International Delta Flight Diverts to Cold Bay
Wednesday, October 30 2013
A Delta flight traveling from Tokyo to San Francisco made an emergency stop in the remote community of Cold Bay Wednesday morning.
The Boeing 767 jet started to experience engine problems this morning, according to Delta spokesman Michael Thomas. Pilots were able to safely land the plane at Cold Bay’s all-weather airport.
Catherine Bland works at the Izembek National Wildlife Refuge in Cold Bay. She says that she heard a loud jet engine around 6 a.m, followed by a flurry of activity on the runway.
"I thought, ‘What’s going on out there?’ And I looked and I see the Delta plane sitting on the tarmac," Bland says. "Then when I came into work, we started getting requests for help."
Izembek has released one employee to help with security and transportation throughout the day, according to deputy refuge manager Leticia Melendez.
She says the goal is to put passengers at ease.
"Our role is to do as much as we can to minimize their discomfort," Melendez says. "We're helping with security and trying to take the edge off what could have been a big disaster. And everything seems to be going in the right direction."
Right now, airport staff are making arrangements for the replacement jet and Transportation Security Administration team that Delta’s sending out. The TSA staff will screen passengers and get them re-boarded on the new plane when it arrives after 12 p.m. Alaska time.
Until then, Delta has allowed the 178 passengers and crew that are stuck in Cold Bay to get off the plane and stretch their legs.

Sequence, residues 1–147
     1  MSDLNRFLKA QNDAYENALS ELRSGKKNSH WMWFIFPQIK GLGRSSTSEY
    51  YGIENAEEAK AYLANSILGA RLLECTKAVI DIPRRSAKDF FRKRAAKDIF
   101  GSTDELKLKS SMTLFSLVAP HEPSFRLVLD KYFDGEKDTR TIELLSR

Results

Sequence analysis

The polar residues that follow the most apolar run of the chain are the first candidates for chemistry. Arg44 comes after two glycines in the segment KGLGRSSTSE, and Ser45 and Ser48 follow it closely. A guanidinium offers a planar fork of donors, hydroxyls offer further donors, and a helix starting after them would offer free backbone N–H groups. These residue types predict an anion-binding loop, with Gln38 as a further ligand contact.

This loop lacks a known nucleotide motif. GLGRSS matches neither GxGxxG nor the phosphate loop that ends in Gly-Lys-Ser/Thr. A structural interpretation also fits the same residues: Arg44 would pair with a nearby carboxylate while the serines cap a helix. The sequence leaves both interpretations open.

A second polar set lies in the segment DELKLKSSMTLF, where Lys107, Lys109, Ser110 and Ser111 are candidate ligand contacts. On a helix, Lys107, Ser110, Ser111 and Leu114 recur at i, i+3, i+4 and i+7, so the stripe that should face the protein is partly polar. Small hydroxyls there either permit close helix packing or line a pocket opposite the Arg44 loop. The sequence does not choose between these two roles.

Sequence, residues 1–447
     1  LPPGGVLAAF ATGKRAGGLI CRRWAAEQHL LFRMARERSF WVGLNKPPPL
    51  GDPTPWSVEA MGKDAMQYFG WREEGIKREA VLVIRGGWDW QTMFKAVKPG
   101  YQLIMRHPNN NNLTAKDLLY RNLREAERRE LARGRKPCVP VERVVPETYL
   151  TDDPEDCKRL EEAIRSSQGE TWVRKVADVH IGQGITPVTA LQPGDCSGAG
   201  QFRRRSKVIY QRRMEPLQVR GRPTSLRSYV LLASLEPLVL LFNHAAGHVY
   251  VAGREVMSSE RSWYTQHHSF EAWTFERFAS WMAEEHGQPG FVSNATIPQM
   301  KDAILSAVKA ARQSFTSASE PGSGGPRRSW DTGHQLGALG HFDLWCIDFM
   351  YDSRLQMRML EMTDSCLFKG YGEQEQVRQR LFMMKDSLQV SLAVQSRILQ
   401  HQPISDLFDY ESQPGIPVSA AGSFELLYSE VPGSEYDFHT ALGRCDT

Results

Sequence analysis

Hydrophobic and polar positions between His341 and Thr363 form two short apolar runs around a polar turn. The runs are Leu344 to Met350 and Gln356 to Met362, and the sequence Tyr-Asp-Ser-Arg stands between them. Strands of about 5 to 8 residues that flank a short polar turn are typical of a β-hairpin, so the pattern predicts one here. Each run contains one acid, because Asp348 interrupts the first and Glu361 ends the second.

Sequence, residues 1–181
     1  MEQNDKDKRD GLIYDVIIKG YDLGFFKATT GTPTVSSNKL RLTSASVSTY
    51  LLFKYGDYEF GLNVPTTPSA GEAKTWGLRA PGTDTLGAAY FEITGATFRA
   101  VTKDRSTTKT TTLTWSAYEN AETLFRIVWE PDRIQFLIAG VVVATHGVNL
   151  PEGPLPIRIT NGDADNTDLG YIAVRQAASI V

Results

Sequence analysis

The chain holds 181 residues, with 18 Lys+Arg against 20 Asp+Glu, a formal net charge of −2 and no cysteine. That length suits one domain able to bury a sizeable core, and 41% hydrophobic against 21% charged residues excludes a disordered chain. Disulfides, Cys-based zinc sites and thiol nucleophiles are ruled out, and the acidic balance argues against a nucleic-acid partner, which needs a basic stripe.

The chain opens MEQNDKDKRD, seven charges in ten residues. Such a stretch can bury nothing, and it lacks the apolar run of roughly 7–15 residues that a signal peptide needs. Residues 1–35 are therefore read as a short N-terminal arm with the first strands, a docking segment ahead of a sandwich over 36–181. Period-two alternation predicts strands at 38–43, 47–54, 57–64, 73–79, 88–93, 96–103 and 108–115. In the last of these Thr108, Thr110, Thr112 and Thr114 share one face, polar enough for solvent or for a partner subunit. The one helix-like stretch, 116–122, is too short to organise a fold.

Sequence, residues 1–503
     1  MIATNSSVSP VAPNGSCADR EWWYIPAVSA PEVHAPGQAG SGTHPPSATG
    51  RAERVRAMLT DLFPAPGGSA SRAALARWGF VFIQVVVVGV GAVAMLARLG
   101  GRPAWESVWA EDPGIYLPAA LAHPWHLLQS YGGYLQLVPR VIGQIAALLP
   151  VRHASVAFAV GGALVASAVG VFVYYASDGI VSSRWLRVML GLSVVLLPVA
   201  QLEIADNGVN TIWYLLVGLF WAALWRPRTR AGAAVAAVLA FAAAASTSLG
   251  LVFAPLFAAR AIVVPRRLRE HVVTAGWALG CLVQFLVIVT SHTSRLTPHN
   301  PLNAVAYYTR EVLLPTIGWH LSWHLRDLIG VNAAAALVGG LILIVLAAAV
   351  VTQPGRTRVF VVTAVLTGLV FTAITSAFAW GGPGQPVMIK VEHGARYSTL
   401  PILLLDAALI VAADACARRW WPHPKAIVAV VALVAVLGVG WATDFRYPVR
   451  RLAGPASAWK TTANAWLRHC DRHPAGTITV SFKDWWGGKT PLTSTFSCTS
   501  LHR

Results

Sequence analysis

The airport is only a five or ten-minute walk from the refuge, but the passengers won’t be allowed to stray that far.
"Let me tell you, the little kid in me got excited and thought, 'Oh! They get to see the refuge!'" Melendez says. "But that's just a little reaction because I get excited about these things, just as much as anybody who has a passion for exposing the wonders of nature."
Mary Martin, the owner and operator of the Cold Bay Lodge, says the view from town isn’t as thrilling -- just a few houses and a school.
Martin says the stranded travelers have already seen the most exciting thing in the village.
"We have an interesting airport," Martin says. "We go from 60 [people] to quadruple our population in a minute's notice, depending on what's on board."
Once the passengers leave town, a few Delta employees will stick around Cold Bay to fix the disabled jet. Martin says Delta has reserved space at her 38-bed hotel to house its maintenance and cockpit crews.